Analysis: Casper Republican Has Most Success Passing Bills In 2024 Session

A Cowboy State Daily analysis shows that Casper Republican Sen. Jim Anderson was the most successful in the Legislature in getting individual bills passed during the 2024 legislative session.

Leo Wolfson

April 11, 20246 min read

State Sen. Jim Anderson, R-Casper
State Sen. Jim Anderson, R-Casper (Matt Idler for Cowboy State Daily)

Casper Republican State Sen. Jim Anderson was the grand champion of the 2024 legislative session if one were to judge the frequency of bills passing into law as a marker of success.

A Cowboy State Daily analysis of bills sponsored by Wyoming’s 93 state legislators finds that Anderson was the most successful in getting his co-sponsored bills passed into law during the 2024 session, with seven of the nine bills he signed his name to earning Gov. Mark Gordon’s approval, a 77% success rate.

As governor, Gordon has the power to veto bills passed by the Legislature, an action he made at an unprecedented rate during the recently completed legislative session. Gordon’s vetoes hurt the passage rate of all lawmakers who signed their names to legislation that he nixed.

Some of the bills Anderson co-sponsored provide property tax relief, designate an official state holiday to promote literacy, clarify oil and gas laws on state lands, and increase the Medicaid reimbursement rate for hospice care.

What Does It Mean?

The rate of success a legislator has in getting bills passed into law is by no means the sole indicator of his or her worth as a lawmaker, and if anything is likely nothing more than talking point. But it does show a larger strategy as far as the types of legislation that is easiest to pass into law, and what kind of priorities lawmakers make as far as the types of bills they choose to attach their support to.

In politics, less-controversial, apolitical bills generally have a higher chance of success.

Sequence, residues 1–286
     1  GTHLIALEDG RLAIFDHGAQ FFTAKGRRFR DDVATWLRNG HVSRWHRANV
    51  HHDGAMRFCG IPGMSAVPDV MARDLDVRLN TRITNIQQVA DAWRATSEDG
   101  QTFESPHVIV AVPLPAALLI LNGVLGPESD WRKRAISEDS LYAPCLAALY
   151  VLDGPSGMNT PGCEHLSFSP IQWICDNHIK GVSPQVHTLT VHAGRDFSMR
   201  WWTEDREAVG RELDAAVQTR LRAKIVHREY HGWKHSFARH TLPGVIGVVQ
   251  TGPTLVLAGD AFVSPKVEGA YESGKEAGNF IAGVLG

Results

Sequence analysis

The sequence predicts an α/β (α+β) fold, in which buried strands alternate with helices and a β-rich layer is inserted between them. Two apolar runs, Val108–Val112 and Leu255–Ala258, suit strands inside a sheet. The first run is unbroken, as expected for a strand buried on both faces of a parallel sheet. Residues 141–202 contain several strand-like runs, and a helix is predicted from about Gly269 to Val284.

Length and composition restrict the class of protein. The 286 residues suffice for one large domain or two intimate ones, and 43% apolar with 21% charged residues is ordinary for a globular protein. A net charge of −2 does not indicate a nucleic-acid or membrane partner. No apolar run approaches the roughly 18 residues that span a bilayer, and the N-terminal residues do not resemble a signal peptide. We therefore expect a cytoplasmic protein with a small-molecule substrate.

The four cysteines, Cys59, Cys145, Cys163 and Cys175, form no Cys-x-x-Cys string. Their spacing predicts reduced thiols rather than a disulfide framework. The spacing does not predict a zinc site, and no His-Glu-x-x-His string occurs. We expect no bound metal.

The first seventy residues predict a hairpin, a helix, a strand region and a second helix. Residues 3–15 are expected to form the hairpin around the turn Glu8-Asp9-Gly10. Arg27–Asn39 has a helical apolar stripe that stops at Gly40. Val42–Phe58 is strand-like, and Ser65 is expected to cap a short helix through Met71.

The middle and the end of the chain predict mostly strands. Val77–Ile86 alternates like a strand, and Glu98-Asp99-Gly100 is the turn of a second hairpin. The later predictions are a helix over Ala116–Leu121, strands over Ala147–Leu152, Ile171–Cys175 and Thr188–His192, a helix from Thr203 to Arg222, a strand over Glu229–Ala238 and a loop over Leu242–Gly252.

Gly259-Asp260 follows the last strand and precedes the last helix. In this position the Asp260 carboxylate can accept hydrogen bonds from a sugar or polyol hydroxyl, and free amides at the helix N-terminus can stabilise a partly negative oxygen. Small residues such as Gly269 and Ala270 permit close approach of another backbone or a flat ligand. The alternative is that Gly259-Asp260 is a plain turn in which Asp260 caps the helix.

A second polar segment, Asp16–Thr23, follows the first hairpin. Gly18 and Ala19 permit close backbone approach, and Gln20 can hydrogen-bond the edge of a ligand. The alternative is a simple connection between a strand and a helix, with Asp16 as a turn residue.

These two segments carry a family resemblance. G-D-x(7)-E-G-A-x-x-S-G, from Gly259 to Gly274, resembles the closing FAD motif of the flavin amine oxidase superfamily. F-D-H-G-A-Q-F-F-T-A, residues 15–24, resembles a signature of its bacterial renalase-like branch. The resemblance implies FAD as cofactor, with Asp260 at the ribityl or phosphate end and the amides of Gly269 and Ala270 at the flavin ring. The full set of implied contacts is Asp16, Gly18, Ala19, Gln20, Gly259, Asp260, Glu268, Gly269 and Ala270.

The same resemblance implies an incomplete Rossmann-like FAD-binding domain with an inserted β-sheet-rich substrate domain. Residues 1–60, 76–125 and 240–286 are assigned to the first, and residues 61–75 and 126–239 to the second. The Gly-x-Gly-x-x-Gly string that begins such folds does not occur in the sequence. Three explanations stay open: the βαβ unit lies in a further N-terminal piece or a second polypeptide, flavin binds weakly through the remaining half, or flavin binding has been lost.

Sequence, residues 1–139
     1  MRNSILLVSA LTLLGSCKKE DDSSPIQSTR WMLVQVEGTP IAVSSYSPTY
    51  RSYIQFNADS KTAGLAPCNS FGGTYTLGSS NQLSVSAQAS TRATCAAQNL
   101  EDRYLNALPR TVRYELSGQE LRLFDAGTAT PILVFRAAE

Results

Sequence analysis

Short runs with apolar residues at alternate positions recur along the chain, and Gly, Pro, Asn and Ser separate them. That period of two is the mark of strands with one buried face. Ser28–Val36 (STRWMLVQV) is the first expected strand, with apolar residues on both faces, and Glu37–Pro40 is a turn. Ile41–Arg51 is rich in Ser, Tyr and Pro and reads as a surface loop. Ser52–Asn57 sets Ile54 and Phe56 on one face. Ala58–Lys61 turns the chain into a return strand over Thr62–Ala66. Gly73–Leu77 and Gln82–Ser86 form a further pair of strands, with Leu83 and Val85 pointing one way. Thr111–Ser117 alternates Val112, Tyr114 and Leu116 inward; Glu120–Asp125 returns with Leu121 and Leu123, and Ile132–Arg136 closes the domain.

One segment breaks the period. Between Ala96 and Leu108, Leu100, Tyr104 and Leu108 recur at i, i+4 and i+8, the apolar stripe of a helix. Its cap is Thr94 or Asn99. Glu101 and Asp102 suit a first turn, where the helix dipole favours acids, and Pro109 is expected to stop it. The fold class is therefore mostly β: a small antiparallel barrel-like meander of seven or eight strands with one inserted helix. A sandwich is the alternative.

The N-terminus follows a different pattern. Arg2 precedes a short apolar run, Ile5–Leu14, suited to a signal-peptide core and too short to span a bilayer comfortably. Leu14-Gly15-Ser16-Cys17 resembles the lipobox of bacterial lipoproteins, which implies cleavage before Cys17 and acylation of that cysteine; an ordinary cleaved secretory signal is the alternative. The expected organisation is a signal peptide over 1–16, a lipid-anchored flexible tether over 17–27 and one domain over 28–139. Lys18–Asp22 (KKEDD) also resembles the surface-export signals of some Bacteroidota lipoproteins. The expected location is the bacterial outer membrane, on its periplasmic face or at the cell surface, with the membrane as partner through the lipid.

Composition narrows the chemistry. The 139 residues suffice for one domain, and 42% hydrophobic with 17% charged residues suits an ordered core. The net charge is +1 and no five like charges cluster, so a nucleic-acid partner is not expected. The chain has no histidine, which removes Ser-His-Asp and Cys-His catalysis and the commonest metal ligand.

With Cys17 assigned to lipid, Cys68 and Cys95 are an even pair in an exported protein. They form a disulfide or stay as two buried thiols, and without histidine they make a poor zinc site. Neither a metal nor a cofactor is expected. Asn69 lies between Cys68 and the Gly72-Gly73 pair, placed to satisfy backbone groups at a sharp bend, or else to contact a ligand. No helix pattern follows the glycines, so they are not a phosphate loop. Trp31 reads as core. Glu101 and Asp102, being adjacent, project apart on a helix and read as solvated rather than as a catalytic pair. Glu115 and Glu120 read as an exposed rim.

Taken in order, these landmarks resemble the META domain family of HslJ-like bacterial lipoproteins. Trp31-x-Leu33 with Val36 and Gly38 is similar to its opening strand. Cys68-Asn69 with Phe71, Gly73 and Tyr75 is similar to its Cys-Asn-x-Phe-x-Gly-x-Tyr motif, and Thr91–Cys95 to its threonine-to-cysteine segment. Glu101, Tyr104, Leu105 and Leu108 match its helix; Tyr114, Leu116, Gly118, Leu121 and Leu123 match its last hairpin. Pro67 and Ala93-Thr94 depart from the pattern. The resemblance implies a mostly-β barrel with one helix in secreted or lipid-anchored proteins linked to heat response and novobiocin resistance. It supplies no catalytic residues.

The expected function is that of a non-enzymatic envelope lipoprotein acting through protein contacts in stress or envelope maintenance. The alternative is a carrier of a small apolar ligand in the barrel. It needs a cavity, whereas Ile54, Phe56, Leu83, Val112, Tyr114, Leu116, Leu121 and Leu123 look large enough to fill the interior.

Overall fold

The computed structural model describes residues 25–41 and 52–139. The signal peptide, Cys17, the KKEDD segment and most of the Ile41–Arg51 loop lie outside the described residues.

Sen. Eric Barlow, R-Gillette, had the highest rate of success for sponsored bills passing into law during the 2024 session, going 3-for-3.

“It’s been my approach throughout my time in the Legislature to pick bills brought to me from my community, fix a problem, or both,” he said.

Barlow said he focuses during budget sessions on only signing his name to simpler, less-controversial bills, so that he can spend most of his energy on the budget bill.

He’s sponsored plenty of controversial bills of his own in the past such as an ad valorem tax liens on minerals, but reserves bills like these for the general session when there is more time to spend on them.

“I go to what I think is most doable,” Barlow said. “There’s nothing magical about it.

The bills he co-sponsored during the recent session clarify a loophole in his 2023-passed legislation restoring gun rights to non-violent felons, provide a process for certain malt beverage manufacturers to terminate franchise agreements with distributors without cause, and change and define the state’s definitions of solid waste, solid waste management facility, recycling and advanced recycling facilities.

Just as in the case of the malt beverage bill, Barlow said he’s often inspired to sponsor bills brought to him by constituents who need help with a problem.